Maybe you still think bikes are for kids or competitive young people in tight pants. But adults are increasingly enjoying this childhood taste of freedom. Safe places to ride increase bicycling. And bike facilities increase your cool factor for attracting young people. Check into bicycle sharing if you want a program that promotes reduced automobile use.
Speaking of sharing, we once had a page on car sharing. At that time it seemed feasible for densely populated neighborhoods, college campuses, or maybe smaller cities and towns to create their own programs. Then the large corporate car sharing programs came into being, and now we suggest that most of you who are interested in car sharing try to work with Enterprise, Hertz, U-Haul, or other corporations that may have a presence in your community. If this situation changes, certainly we will update our old page and put it on the web again.
A public transit system is another key piece in environmental sustainability. So anything you can do to increase ridership, cleanliness, reliability, and convenience of buses, trains, on-demand service, or car services is very helpful.
Great neighborhood-scale energy projects now are becoming feasible. That could be the neighborhood windmill for a few of you, or negotiating group rates on neighborhood solar installations, especially where your state laws are favorable.
We all need to ask for a smart grid so we can generate electricity and sell it back to the utility, but while we're doing that, a few communities might want to go for the big project.
Adding an energy generation component of environmental sustainability in a few densely populated neighborhoods could provide welcome relief to the power grid.
But for most of you, the most feasible action lies in energy conservation. There's a wealth of information available, but our page gives tips to start your neighborhood-level energy discussion. We emphasize things you can do something about, such as transportation options.
Because of the negative impact of transportation on environmental sustainability, many people are getting on the bandwagon about locally grown food right now. We finally figured out that if we're in the U.S., grapes from Chile might not be any better than grapes from the next county. Or that the tomatoes 20 miles away actually could be sent to you ripe.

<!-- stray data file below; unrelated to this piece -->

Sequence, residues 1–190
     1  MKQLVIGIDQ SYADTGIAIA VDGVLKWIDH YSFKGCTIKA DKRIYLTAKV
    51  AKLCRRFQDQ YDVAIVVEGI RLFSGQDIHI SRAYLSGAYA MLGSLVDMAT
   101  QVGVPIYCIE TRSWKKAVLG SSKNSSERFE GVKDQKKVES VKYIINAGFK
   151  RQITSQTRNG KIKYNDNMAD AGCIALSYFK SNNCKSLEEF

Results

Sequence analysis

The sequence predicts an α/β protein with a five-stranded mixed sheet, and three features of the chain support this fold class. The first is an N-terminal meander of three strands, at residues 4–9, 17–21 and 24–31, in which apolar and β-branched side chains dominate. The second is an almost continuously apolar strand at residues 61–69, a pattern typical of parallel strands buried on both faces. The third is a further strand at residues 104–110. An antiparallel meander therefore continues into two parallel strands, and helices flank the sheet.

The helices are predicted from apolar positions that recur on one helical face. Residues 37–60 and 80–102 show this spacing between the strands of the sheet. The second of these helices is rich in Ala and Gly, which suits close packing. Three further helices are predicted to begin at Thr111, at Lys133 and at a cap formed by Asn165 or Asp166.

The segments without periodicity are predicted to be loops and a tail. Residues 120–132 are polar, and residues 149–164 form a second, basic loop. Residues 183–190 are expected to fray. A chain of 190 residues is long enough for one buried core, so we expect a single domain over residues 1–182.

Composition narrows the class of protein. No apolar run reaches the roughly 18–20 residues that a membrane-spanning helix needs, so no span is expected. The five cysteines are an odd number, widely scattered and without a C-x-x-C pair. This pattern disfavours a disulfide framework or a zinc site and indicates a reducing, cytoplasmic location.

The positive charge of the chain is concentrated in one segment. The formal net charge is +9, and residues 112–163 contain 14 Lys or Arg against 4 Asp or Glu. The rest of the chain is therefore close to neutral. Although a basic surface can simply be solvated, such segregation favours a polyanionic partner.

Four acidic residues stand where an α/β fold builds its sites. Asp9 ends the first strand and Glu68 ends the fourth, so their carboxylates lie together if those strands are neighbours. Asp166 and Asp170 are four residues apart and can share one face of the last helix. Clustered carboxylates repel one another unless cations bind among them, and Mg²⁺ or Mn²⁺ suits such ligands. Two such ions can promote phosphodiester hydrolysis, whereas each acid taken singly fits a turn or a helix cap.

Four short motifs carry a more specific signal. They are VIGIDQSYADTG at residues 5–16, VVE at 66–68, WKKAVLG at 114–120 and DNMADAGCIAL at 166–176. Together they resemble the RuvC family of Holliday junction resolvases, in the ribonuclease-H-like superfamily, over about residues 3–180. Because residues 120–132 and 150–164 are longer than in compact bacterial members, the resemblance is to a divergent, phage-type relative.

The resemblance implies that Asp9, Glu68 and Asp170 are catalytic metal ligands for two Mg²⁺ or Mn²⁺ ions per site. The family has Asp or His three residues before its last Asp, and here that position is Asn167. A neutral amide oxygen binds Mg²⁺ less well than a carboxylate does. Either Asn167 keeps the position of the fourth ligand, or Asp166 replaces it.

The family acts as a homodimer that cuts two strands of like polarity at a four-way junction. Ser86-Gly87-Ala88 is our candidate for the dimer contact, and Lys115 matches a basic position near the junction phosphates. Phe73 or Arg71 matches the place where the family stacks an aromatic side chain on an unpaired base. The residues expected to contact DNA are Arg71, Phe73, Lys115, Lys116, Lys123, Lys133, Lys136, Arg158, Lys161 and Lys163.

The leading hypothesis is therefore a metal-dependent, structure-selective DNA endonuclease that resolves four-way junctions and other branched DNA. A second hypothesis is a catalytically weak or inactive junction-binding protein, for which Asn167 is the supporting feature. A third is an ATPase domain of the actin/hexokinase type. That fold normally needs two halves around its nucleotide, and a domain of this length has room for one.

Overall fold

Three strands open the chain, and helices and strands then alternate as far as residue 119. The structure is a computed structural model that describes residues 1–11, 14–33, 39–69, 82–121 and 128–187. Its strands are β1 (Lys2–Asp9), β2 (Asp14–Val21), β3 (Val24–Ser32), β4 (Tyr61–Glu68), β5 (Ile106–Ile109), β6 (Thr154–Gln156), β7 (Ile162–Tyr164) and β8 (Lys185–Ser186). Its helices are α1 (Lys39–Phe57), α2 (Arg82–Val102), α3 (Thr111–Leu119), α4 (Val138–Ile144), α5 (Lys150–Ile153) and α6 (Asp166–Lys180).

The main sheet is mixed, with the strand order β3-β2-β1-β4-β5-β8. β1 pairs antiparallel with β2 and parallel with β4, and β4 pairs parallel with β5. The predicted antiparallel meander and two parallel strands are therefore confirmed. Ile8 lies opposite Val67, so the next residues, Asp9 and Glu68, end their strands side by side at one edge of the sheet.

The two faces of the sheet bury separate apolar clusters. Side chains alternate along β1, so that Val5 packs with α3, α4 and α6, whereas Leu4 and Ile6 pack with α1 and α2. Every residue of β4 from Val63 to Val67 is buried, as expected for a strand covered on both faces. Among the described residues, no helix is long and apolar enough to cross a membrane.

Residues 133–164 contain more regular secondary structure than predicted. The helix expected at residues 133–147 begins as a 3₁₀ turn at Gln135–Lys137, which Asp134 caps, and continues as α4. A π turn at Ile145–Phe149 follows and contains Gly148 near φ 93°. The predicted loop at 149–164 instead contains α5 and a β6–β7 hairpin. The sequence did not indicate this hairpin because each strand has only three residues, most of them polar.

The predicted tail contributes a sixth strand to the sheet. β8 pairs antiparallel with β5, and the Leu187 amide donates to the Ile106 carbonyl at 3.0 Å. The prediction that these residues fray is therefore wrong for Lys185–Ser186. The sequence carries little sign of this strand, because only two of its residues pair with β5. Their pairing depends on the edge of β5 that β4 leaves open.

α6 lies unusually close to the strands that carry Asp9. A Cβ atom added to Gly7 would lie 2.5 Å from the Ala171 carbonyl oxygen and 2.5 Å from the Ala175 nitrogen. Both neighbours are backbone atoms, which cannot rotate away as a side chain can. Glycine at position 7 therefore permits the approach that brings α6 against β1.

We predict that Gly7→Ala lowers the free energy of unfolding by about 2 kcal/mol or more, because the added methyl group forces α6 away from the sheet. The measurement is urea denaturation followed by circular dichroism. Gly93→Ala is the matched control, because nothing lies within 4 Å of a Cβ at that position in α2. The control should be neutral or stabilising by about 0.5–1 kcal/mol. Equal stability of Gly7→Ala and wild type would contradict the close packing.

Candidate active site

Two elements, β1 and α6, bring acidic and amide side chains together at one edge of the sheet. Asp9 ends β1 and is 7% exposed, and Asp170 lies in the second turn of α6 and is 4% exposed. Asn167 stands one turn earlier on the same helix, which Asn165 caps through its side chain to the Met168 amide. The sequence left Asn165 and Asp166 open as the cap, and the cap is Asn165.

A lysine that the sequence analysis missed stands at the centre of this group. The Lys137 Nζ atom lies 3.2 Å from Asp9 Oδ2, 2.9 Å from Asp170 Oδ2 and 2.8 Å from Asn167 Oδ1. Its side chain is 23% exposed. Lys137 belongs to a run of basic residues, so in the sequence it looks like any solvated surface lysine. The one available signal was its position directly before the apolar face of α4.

The local food movement is a small but worthy contribution to using less energy and environmental sustainability. From both the environmental and security standpoints, it's important for communities to start considering how they could produce more food locally.
The implications of deciding to start a community garden are decorative, entertaining, community building, and also practical. We know the source of the food grown there and what chemicals are used. If you suffer from community poverty, this is a great environmental sustainability activity. If your neighborhood is high-income, your community garden could be a terrific social activity that lasts a season--just what it takes to build a friendship.
Since we mentioned income, one final page to explore is related to environmental justice.
If you haven't heard that term, it's used to describe the fact that disproportionately, poor and minority neighborhoods have to endure most of the undesirable land uses, such as landfills. Their neighborhoods tolerate the worst of the air and water pollution. That isn't at all fair, since the low-income folk use less stuff. Let's be better.
Compounding the problem, often the lowest income areas also don't have as many environmental assets such as parks either.
On the bright side, environmental sustainability saves money over the long run, and often in the short run as well.